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Disney Buys 21st Century Fox: What This Means for Marvel, ‘The Simpsons,’ ‘Avatar’ and More

Anna Menta

In a deal valued at $66.1 billion including debt, the Walt Disney Company finalized an agreement to buy most of 21st Century Fox. The all-stock transaction would cost Disney  $52.4 billion. The proposed deal between Disney and Fox (controlled by Rupert Murdoch) must now be approved by antitrust regulators.

The deal has been in the works for weeks and was finally announced Thursday on the Walt Disney website. The new, Disney-owned 21st Century Fox would split off from Fox Broadcasting network and stations, Fox News, Fox Business, FS1, FS2 and Big Ten Network. Robert A. Iger, Disney's chairman, who was expected to retire in 2019, was asked by Murdoch to remain until 2021, to oversee a smooth transition.

The acquisition would give Disney ownership of the Twentieth Century Fox film and television studio, National Geographic, FX Networks, regional sports networks, and Fox's stakes in Sky and Hulu. The deal also brings multiple giant entertainment properties—including X-Men, Avatar, The Americans, This Is Us, and Modern Family—under the Disney umbrella. Homer Simpson and his family are headed to Disney World. Doh!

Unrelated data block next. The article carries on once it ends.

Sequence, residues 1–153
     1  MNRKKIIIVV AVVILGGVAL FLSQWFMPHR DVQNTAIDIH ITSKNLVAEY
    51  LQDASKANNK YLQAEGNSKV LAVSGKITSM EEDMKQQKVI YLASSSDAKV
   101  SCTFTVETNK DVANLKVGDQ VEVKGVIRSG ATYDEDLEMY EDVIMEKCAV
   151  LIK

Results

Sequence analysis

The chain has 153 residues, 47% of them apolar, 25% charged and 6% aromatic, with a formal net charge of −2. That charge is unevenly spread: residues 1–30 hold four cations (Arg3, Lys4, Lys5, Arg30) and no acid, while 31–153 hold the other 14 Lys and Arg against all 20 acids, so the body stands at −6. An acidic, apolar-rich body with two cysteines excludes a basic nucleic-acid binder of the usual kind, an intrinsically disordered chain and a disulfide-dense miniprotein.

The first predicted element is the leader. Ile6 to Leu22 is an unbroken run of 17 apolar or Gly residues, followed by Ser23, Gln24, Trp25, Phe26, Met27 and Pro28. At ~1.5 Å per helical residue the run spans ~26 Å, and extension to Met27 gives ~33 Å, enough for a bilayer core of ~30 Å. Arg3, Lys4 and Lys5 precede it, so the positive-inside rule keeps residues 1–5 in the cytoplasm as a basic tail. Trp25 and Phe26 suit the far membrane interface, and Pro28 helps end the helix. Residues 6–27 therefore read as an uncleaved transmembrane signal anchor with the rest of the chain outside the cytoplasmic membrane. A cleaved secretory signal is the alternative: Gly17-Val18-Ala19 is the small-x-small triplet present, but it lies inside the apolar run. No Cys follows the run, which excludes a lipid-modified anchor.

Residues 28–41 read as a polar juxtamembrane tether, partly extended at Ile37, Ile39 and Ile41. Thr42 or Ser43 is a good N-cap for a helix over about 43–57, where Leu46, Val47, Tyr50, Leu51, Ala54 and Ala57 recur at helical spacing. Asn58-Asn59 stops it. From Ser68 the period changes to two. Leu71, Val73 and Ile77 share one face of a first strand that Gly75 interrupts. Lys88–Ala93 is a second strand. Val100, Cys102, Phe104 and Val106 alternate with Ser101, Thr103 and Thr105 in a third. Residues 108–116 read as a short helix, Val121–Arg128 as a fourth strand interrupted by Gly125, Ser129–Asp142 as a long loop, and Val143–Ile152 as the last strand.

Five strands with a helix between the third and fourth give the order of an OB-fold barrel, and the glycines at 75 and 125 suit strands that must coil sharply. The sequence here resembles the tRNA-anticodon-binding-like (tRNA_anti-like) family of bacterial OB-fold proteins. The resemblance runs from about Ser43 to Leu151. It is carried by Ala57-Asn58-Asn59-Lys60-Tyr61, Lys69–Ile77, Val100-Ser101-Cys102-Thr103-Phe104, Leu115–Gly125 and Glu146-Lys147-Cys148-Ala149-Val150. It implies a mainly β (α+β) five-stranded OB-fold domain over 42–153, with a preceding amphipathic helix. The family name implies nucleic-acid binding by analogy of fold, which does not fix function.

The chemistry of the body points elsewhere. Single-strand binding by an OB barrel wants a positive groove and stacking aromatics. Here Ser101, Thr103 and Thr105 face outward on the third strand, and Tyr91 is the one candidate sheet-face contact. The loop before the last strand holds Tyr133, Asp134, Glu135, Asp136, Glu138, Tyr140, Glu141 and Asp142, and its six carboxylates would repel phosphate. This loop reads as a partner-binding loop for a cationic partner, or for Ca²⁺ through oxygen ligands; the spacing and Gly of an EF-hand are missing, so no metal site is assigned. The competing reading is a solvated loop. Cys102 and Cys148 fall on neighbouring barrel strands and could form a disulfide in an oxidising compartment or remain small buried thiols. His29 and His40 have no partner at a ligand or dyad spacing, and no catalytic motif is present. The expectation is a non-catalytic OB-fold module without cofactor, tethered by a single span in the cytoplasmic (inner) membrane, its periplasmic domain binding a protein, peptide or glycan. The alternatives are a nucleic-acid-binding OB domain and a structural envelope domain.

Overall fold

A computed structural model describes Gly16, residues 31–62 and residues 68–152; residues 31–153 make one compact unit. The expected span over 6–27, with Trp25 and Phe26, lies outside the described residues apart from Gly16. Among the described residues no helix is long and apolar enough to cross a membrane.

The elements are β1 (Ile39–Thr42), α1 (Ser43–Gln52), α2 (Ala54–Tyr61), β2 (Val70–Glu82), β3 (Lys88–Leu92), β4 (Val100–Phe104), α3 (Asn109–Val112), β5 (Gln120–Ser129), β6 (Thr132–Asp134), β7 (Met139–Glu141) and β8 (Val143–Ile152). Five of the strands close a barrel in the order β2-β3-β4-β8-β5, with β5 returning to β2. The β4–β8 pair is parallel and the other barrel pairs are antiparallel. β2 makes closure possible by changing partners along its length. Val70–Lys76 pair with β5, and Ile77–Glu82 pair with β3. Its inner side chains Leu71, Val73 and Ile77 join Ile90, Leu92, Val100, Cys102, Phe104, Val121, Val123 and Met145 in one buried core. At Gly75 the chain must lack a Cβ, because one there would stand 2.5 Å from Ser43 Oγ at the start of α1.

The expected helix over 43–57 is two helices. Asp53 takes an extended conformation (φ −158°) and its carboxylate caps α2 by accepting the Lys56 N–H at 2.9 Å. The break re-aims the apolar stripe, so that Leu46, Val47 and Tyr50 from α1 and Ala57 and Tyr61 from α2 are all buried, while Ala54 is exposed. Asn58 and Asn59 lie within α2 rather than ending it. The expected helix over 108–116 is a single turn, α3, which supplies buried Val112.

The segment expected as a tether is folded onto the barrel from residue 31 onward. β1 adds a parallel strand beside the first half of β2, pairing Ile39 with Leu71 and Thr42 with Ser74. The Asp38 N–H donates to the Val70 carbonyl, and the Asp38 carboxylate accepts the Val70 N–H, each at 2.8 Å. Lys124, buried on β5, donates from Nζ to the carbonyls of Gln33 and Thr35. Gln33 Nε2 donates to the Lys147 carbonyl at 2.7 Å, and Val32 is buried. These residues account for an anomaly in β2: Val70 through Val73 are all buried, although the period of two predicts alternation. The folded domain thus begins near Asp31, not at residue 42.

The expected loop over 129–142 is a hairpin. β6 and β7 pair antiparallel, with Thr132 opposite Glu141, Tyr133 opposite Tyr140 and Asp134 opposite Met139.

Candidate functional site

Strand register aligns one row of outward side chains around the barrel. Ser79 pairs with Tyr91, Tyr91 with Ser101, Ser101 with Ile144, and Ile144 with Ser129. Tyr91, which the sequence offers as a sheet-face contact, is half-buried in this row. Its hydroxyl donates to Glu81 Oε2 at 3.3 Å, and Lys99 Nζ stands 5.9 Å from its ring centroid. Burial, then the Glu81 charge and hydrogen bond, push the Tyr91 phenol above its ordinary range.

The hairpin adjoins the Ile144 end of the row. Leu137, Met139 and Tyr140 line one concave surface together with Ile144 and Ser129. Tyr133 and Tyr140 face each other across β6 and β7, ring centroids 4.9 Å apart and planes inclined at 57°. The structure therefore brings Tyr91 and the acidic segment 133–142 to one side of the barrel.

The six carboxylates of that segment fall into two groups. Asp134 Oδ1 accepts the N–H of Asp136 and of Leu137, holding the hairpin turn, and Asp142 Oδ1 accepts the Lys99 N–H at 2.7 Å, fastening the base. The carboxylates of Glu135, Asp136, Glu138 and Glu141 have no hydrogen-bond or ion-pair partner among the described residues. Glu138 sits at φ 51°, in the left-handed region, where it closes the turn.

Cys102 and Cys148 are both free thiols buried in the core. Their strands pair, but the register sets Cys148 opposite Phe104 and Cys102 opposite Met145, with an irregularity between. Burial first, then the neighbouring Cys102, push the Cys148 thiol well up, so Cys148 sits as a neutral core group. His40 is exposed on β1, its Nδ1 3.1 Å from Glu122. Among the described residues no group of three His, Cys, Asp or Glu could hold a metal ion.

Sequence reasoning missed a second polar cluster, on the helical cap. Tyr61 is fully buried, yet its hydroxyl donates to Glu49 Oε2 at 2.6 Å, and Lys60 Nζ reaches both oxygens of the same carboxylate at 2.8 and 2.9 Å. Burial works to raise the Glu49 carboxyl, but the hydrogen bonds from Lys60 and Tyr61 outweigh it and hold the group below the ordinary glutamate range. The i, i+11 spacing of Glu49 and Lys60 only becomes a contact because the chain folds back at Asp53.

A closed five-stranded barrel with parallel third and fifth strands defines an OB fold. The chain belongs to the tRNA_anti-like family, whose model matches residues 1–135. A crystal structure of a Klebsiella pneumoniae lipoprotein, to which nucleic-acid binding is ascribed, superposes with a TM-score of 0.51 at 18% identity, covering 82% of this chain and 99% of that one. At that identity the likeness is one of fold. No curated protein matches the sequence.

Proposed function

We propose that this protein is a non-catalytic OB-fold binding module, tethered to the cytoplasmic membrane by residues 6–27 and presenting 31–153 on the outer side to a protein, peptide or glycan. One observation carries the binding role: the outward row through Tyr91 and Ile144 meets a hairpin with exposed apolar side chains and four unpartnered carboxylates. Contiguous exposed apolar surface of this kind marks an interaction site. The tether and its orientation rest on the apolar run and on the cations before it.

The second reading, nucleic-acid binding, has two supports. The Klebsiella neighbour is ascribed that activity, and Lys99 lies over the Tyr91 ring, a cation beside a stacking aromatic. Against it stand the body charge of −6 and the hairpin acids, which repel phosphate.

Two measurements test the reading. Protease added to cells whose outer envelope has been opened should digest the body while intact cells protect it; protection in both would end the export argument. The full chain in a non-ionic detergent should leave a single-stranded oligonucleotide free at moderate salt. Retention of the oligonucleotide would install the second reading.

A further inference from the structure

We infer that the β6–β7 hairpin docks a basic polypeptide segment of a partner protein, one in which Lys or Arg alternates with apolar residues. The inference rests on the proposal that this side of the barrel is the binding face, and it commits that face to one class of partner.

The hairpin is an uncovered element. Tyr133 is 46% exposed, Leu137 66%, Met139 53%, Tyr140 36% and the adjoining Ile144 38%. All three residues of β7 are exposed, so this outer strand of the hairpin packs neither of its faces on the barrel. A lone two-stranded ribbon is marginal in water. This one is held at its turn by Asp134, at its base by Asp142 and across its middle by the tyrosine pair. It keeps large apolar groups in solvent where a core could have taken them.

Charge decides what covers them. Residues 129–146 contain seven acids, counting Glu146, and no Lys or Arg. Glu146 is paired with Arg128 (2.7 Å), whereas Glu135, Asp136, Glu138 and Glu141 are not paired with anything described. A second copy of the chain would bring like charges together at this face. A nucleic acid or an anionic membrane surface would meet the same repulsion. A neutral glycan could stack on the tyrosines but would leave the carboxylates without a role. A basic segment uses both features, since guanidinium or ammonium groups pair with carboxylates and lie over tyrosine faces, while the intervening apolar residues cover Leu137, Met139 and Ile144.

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the-simpsons-main

Disney now owns 'The Simpsons' with Fox acquisition. Fox

Disney will not acquire the Fox News division, which includes Fox News and Fox Business, the Fox Sports channel, or the Fox broadcast network.

The massive, entertainment-shaking deal would also give Disney ownership over James Camerons' Avatar franchise, which has at least two more sequels planned. With Avatar, Disney might now own three of the top five highest-earning films of all time: Star Wars: The Force Awakens is No. 1, Avatar is 2 and Marvel's The Avengers is 5. (Titanic and Jurassic World take the three and four slots, owned by Paramount and Universal respectively.)

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Disney has long expressed interest in expanding its streaming services (it already has a stake in Hulu, and with the Fox deal it will have a majority stake) and, should this acquisition go through, the company would become a powerful competitior in online video. In other words—watch out, Netflix, Amazon, Google and Facebook, Disney is on your tail.

Some naturally worry this is a sign of Disney's ever-expanding entertainment empire. For Marvel fans, however, the deal is very good news: The rights to the characters are split between several studios, and this puts the Avengers, X-Men and Deadpool in one enchanted castle. That's right:Deadpool could be in the Avengers films! Or, more provocatively, as Ryan Rynolds tweeted yesterday, "Time to uncork that explosive sexual tension between Deadpool and Mickey Mouse."

This article was first written by Newsweek

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